Quoting a comment from this question: Why did Windows 95 crash the whole system but newer Windows only crashed programs?

"A lot of effort has gone into automatically enforcing that drivers are more robust. This is one of the reasons that Windows 7 seldom bluescreens."

What technologies were used to as windows progressed. I won't restrict this to any particular version, as I think it would be nice to see the timeline of innovation.

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    Just one: Programming :)) But serious, beside that Windows7 isn't realy on topic here, there is no such thing as a 'technology' to be 'used' that's simply marketing snake oil.
    – Raffzahn
    Jul 29 '19 at 22:34
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    With respect to the question in the title: conventional operating system design as practiced from the 1960s onwards: per-process address spaces, object-level access control, privilege restrictions, built on top of a hardware architecture that supports such things (MMU, normal/privileged execution mode, restrictions on certain instructions). With respect specifically to drivers: testing. Jul 29 '19 at 22:37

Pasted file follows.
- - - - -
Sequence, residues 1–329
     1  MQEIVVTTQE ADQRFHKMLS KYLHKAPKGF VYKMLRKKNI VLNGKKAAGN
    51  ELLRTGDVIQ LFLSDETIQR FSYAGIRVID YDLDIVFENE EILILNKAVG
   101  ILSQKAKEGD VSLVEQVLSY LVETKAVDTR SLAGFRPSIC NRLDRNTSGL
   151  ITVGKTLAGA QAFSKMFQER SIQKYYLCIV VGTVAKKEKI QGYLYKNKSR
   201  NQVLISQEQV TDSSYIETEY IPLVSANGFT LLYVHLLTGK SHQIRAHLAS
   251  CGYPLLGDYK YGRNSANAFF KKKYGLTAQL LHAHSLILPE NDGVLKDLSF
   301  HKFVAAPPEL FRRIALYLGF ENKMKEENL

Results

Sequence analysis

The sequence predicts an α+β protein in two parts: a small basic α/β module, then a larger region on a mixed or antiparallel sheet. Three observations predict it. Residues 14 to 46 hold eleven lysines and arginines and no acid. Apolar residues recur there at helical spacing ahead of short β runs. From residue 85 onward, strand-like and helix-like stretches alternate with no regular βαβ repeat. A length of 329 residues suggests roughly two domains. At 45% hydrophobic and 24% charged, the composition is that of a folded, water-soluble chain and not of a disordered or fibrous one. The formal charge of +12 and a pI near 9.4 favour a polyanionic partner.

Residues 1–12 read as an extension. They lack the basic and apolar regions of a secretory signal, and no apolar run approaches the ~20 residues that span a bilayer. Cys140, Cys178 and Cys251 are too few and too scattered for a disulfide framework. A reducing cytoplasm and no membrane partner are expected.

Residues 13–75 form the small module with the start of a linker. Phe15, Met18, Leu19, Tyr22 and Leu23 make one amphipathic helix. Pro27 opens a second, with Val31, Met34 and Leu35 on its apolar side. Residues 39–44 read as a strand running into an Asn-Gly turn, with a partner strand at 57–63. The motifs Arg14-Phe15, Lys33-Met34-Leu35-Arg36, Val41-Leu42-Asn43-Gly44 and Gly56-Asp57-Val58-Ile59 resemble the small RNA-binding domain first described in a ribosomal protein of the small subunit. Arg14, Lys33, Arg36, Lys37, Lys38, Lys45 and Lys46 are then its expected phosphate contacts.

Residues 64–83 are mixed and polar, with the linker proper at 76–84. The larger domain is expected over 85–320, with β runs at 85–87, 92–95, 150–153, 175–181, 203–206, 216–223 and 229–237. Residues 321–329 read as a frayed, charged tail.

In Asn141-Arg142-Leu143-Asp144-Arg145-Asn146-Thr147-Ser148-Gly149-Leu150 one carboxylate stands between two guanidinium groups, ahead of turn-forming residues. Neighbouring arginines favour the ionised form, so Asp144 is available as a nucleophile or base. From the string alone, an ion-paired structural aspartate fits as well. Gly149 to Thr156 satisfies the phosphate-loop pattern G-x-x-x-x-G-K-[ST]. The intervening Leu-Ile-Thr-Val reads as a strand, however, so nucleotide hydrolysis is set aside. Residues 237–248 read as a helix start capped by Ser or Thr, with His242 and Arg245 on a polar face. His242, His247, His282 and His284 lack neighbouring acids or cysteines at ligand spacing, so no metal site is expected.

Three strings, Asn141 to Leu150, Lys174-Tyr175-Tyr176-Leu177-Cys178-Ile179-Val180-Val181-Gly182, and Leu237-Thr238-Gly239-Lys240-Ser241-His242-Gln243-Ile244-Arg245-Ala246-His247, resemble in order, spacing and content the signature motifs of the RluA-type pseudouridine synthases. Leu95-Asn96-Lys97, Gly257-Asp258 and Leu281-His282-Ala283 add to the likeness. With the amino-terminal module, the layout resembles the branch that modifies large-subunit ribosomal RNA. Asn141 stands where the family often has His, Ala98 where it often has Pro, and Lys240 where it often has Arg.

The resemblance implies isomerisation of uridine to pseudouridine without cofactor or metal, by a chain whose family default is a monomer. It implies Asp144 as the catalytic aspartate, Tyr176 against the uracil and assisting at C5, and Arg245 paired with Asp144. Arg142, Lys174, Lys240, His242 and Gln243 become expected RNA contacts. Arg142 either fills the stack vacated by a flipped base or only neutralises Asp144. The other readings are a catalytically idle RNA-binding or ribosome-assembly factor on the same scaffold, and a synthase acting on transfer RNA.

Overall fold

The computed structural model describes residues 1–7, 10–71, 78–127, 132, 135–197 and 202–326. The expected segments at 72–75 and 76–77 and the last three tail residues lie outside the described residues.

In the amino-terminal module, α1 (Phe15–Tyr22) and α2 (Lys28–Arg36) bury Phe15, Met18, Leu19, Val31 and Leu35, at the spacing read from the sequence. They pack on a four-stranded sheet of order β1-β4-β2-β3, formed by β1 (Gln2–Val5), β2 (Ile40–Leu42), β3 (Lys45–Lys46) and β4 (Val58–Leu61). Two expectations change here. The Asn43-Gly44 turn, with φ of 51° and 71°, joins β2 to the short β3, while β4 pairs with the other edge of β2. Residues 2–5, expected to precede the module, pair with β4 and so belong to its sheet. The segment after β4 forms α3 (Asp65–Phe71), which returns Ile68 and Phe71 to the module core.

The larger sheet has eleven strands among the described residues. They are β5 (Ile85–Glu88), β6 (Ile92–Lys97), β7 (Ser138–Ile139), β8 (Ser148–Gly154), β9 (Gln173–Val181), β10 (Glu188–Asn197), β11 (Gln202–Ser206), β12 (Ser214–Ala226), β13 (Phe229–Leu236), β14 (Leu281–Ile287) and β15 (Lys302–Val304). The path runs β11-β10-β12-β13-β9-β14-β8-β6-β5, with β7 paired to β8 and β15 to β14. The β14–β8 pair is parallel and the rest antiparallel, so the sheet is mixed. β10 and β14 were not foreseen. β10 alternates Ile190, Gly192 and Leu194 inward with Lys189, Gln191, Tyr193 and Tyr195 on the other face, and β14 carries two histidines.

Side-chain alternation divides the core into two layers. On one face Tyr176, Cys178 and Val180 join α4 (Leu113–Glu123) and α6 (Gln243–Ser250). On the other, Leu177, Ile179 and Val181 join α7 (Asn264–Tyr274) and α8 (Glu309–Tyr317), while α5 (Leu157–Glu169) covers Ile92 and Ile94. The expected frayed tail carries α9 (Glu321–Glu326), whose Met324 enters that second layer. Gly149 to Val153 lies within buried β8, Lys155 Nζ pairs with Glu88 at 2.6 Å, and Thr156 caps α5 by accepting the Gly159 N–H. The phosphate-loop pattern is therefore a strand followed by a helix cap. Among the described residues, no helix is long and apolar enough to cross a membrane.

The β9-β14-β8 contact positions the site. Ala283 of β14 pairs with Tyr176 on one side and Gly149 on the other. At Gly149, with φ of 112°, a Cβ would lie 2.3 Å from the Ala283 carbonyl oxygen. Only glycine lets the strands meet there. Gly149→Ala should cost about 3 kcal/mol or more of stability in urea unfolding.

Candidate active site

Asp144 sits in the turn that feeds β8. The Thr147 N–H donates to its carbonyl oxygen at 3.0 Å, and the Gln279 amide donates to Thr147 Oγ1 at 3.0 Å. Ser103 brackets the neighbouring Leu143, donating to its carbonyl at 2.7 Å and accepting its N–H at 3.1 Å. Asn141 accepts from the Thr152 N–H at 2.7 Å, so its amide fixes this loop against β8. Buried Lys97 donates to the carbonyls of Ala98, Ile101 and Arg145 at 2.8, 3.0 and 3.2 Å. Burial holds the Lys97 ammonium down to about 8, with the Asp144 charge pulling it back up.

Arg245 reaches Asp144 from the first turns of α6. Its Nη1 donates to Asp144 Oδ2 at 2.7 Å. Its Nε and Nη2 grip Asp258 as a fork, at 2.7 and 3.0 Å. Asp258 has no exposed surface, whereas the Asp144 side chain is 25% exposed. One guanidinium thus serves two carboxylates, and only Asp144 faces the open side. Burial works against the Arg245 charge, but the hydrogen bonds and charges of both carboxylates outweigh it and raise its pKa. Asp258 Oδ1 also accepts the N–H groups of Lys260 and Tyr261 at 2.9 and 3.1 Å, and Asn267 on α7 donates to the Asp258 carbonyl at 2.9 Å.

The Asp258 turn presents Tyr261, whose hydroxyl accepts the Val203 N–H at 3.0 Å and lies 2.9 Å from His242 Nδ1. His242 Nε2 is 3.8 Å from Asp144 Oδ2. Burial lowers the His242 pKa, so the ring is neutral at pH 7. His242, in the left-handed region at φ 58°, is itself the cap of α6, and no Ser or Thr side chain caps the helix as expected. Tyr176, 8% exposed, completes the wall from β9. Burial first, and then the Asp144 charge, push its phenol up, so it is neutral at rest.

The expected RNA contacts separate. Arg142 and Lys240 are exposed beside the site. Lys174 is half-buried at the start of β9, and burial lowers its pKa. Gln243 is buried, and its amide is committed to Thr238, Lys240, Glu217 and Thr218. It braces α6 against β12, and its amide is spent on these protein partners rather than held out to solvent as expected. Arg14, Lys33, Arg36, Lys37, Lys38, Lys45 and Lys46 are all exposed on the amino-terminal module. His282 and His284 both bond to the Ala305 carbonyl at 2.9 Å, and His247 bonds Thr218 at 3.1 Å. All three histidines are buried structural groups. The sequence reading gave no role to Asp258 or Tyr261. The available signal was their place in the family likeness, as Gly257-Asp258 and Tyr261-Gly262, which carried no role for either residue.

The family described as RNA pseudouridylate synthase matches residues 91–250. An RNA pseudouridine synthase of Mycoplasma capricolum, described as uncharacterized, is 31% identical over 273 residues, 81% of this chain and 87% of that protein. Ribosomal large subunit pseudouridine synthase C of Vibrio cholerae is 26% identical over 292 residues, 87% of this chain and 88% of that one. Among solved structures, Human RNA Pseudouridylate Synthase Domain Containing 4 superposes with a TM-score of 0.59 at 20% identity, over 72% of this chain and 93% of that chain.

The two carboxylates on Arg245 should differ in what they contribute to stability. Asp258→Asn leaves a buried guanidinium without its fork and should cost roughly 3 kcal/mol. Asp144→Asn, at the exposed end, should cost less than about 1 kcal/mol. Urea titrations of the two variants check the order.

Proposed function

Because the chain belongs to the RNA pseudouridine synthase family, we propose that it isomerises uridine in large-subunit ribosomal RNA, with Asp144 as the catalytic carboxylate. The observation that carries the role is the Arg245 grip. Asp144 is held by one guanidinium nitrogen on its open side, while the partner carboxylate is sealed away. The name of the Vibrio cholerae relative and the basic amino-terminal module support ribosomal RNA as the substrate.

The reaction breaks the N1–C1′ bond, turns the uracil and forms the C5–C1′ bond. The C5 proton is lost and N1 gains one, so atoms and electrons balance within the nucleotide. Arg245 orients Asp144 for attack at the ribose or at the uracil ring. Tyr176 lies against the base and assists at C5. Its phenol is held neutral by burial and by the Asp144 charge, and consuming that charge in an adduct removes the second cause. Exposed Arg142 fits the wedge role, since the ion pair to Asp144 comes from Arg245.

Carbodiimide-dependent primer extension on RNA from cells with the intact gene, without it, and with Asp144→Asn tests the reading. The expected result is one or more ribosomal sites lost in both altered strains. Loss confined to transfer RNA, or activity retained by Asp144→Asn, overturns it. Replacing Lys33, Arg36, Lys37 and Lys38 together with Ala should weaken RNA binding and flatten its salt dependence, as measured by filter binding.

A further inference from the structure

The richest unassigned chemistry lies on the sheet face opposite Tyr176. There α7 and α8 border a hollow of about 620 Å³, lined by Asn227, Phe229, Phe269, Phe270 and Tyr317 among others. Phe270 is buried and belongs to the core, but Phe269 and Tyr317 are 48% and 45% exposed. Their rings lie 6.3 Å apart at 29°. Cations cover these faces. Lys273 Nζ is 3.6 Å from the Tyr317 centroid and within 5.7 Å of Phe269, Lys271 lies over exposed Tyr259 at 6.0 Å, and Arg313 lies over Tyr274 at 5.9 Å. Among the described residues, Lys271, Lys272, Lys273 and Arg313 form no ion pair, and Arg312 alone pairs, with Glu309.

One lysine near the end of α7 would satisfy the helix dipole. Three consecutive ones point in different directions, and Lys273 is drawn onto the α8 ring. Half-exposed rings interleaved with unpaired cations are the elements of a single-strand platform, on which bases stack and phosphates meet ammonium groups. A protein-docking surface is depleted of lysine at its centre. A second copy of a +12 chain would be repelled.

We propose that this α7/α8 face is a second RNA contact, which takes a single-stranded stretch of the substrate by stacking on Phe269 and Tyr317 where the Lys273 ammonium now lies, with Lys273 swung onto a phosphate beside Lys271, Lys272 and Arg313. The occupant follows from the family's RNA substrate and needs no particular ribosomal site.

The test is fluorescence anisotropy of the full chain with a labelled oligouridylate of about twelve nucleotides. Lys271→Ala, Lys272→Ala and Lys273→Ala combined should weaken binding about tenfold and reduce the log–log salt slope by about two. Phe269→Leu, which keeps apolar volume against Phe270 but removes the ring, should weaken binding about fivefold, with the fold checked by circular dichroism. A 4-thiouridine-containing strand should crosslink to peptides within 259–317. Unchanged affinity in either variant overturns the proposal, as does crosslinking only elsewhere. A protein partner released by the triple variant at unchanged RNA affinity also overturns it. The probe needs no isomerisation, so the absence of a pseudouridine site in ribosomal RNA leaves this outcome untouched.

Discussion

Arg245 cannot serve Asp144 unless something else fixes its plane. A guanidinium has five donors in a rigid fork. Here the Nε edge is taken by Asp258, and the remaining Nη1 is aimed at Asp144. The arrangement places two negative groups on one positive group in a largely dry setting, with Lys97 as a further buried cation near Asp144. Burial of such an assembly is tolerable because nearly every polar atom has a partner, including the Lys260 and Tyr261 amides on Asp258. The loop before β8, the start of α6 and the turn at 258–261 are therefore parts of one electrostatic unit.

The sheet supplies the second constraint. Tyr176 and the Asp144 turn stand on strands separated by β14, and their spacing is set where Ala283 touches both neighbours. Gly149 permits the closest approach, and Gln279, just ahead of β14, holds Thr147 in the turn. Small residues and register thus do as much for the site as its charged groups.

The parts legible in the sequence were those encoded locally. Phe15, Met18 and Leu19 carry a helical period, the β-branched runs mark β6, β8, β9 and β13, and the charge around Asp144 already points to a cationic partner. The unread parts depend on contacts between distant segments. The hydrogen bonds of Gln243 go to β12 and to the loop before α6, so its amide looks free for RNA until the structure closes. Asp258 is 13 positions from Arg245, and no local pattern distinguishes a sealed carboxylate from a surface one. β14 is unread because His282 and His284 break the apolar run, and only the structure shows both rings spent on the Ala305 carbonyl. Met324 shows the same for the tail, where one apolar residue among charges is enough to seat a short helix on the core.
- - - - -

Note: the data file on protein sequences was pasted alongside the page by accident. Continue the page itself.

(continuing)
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    Microsoft took a look at Unix. Repeat.
    – Brian H
    Jul 30 '19 at 2:30
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    The Amiga had a similar crash reporter called the "Guru Meditation". In WB1.1 it occurred frequently. In later OS versions it got rarer, and I hardly ever see it in WB3.0. What technology did Commodore use to achieve this? None. People just fixed the bugs in their programs! Jul 30 '19 at 2:40
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    @PhilipKendall Graphics drivers were moved from ring 3 in NT 3.x to ring 0 in NT 4.0, for performance reasons. Then at some later date (I think it was done in Vista), they were moved from ring 0 to ring 3 for stability reasons. What goes around, comes around.
    – user
    Jul 30 '19 at 9:21

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